After war[]

File:William Thompson Lusk.PNG

A portrait of William Thompson Lusk

Personal life[]

Lusk married Mary H. Chittenden, on May 4, 1864, after he finished medical school. After that he spent one year in Europe studying under various medical professionals[9], though his New York Times obituary lists this time period as having lasted 4 years.[1] He studied in Edinburgh with James Y. Simpson, in Vienna with Carl Braun, and then in Prague with Seifert.[13] Lusk came back to New York in 1868 to establish his practice.[6] In 1871 his wife died, and he was left with two sons and two daughters. Chittenden Memorial Library at Yale University was built in his wife's honor.[14] Five years later, Lusk married Matilda Thore (née Myer), with whom he had one daughter.[14][15] Maltida died in 1892.[15]

Professorships and Awards[]

On his return from Europe, Lusk was appointed Professor of Physiology at Long Island College Hospital.[6] In the winter of 1871, upon invitation of Oliver Wendell Holmes, Sr., Lusk moved to Boston to lecture on physiology at Harvard Medical School.[9] Lusk was Professor of Obstetrics and Gynecology at Bellevue Hospital Medical College until his death[6] after the previous seatholder, Dr. George T. Elliot, died.[9] At the same time as accepting the professorship, he also became co-editor of The Medical Journal, and held that position from 1871 to 1873, and also became a visiting physician at Bellevue Hospital.[9][16] Just a few hours later, Harvard offered him a position, which he declined.[13] In 1890, upon the hospital's consolidation with New York University Medical College, Lusk became President of Bellevue Hospital Medical College[17]

Lusk also received many other scientific awards and distinctions.[14] These include:

  • One of the founders of the State's and County's Medical Associations (1884)[18]
  • A significant president of the State's Medical Association (1889)[18]
  • Honorary fellow of the Obstetrical Society of London[19]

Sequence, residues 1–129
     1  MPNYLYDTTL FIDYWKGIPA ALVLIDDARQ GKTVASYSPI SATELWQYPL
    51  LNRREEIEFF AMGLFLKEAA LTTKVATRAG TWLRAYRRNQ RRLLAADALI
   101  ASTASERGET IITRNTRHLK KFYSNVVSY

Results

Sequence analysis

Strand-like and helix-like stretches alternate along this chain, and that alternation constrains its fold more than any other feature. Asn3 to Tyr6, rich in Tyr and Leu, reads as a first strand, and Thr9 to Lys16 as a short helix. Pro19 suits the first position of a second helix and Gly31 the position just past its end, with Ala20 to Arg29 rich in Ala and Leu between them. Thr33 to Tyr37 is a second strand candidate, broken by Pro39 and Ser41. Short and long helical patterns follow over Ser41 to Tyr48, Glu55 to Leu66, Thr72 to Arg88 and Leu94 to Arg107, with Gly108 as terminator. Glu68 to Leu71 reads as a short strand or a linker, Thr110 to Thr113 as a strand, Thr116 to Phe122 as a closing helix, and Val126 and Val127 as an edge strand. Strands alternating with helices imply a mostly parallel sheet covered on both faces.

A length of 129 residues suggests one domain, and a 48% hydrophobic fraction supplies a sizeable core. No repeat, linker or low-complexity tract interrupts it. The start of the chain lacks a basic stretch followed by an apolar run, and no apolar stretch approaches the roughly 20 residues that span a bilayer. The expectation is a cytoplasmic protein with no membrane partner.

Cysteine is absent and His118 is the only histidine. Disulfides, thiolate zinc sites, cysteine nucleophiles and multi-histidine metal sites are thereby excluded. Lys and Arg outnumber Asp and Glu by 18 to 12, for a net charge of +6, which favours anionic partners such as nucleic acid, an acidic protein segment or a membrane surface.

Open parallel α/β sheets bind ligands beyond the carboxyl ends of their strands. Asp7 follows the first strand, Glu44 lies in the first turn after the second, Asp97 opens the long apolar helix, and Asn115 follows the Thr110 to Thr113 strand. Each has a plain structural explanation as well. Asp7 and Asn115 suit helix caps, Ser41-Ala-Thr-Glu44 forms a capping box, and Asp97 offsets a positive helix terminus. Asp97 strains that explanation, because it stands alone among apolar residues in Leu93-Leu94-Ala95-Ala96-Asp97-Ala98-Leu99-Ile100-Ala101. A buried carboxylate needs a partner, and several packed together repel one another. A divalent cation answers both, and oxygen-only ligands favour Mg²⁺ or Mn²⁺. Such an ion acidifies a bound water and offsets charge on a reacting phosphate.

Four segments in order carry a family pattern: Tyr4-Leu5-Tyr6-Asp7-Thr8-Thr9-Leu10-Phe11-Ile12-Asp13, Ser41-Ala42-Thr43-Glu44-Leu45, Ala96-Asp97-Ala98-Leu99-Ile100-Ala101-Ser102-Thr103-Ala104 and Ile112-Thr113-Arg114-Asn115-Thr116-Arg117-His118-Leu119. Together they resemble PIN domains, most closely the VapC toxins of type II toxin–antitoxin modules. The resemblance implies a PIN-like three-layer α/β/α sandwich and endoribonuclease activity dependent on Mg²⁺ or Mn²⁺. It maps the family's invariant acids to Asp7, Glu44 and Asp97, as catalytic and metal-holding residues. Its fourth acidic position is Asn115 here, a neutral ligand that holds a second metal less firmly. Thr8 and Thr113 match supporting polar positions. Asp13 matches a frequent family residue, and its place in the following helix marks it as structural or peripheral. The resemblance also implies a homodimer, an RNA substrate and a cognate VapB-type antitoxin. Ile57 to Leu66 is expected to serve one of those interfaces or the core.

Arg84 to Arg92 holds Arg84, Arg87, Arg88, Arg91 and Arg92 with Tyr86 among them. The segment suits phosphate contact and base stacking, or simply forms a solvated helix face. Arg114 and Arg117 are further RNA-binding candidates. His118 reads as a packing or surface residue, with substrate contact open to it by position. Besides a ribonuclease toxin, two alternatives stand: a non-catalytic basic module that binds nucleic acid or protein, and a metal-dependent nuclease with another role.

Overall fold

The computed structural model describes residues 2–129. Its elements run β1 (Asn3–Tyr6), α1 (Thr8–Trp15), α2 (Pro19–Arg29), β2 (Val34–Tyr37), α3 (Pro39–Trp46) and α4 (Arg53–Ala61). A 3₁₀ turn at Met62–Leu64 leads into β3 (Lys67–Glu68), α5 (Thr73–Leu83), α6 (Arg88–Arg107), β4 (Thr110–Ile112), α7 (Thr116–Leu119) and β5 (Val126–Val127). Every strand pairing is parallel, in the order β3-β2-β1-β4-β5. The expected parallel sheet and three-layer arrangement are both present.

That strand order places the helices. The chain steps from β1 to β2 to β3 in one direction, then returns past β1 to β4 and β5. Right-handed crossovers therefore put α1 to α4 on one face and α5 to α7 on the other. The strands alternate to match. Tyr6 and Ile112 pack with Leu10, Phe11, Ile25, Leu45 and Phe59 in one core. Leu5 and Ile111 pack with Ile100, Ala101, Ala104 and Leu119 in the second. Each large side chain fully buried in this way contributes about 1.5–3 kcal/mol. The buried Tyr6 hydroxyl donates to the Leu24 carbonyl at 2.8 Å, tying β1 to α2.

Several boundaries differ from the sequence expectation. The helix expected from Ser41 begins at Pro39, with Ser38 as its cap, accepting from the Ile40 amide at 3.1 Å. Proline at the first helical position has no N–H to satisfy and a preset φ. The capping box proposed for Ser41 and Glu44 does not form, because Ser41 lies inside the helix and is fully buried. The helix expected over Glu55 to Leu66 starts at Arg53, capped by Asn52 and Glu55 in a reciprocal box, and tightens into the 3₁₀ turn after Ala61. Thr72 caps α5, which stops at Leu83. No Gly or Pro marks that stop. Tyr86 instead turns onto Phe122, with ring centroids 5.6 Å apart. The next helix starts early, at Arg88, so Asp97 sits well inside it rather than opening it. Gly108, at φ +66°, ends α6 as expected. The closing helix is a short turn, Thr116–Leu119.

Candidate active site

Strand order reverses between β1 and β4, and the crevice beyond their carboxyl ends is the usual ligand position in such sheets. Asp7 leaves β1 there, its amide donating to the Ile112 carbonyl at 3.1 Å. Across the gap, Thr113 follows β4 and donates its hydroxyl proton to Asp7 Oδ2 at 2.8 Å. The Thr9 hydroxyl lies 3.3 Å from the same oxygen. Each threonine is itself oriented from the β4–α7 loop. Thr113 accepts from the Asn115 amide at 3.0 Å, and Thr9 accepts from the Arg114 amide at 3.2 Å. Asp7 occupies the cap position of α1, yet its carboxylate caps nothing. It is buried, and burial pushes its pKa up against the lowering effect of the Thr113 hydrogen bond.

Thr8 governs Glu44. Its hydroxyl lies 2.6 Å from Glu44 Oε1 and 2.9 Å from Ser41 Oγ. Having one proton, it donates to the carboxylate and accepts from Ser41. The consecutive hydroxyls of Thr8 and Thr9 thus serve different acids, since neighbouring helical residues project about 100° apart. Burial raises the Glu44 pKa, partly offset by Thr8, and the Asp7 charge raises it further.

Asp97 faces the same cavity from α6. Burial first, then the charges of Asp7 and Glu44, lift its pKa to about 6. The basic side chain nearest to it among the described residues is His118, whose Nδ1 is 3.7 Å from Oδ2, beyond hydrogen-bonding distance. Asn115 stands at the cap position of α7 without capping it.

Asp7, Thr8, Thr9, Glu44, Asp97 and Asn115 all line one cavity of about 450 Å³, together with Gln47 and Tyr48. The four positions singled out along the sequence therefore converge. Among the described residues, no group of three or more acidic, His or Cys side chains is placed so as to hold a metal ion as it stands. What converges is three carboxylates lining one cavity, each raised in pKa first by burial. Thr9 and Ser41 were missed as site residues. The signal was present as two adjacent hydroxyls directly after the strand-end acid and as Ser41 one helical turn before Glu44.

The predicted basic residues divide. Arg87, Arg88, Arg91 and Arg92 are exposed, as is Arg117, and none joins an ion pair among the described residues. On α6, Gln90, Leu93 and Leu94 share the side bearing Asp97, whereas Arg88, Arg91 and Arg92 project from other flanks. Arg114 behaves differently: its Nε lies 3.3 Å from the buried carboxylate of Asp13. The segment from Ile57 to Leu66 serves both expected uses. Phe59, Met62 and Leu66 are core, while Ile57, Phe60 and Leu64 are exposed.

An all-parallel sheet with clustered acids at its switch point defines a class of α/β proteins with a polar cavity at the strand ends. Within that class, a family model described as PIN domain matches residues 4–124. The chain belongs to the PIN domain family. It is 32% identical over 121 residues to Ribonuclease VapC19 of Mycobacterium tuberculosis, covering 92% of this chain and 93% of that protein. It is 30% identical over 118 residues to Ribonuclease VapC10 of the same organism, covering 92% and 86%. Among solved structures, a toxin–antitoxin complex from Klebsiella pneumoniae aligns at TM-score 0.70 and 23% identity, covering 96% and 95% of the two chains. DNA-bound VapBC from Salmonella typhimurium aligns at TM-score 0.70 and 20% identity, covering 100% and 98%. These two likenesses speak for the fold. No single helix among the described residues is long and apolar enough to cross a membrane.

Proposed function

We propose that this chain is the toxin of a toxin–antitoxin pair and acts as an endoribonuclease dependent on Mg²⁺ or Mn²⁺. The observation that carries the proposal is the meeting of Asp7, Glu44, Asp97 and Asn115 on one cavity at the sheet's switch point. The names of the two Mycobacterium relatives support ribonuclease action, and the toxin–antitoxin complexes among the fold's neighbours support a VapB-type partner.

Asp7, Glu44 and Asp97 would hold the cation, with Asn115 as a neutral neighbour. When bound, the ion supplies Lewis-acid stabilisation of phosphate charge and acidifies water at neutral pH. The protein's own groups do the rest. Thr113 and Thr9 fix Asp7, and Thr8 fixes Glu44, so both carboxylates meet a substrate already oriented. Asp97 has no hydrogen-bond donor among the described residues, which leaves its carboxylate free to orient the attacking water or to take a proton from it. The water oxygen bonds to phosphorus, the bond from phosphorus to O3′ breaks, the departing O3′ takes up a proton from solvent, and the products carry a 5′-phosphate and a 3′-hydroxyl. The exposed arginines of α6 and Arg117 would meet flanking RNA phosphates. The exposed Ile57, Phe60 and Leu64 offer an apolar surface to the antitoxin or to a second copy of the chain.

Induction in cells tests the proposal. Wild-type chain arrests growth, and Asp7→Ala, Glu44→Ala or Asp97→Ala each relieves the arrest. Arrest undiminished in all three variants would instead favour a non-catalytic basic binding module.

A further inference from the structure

• President of Faculty and Professor of Obstetrics and of the Diseases of Women and Children at Bellevue Medical College[12]
  • Consulting Physician to Bellevue Maternity Hospital (1870),[16] Foundling Asylum, Emergency Hospital[12]
  • Gynecologist to the Bellevue and St. Vincent Hospitals[12]
  • Honorary Fellow of the Edinburgh and London Obstetrical Societies[12]
  • Corresponding Fellow of the Obstetrical Societies of Paris and Leipsic and Paris Academy of Medicine[12]
  • President of the American Gynecological Society[12]
  • President of the New York State Medical Association[12]
  • Vice-President of the New York Obstetrical Society (1873)[20]
  • President of the New York Obstetrical Society (1879)[1][20]
  • Honorary degree of LL.D. from Yale University (1884)[14]

Medical work[]

Lusk wrote many medical papers,[21] including his 1876 paper, Nature, Causes and Prevention of Puerperal Fever, which was one of the first papers to come out in support of germ theory.[22] In 1882, he published The Science and Art of Midwifery.[2][9] The book achieved great sales in America and England, and was translated into many languages, including French, Italian, Spanish, Arabic.[22]. It went through four editions,[23] the last of which was practically a rewrite.[22] Lusk was either planning to or in the process of writing a fifth edition when he died.[22]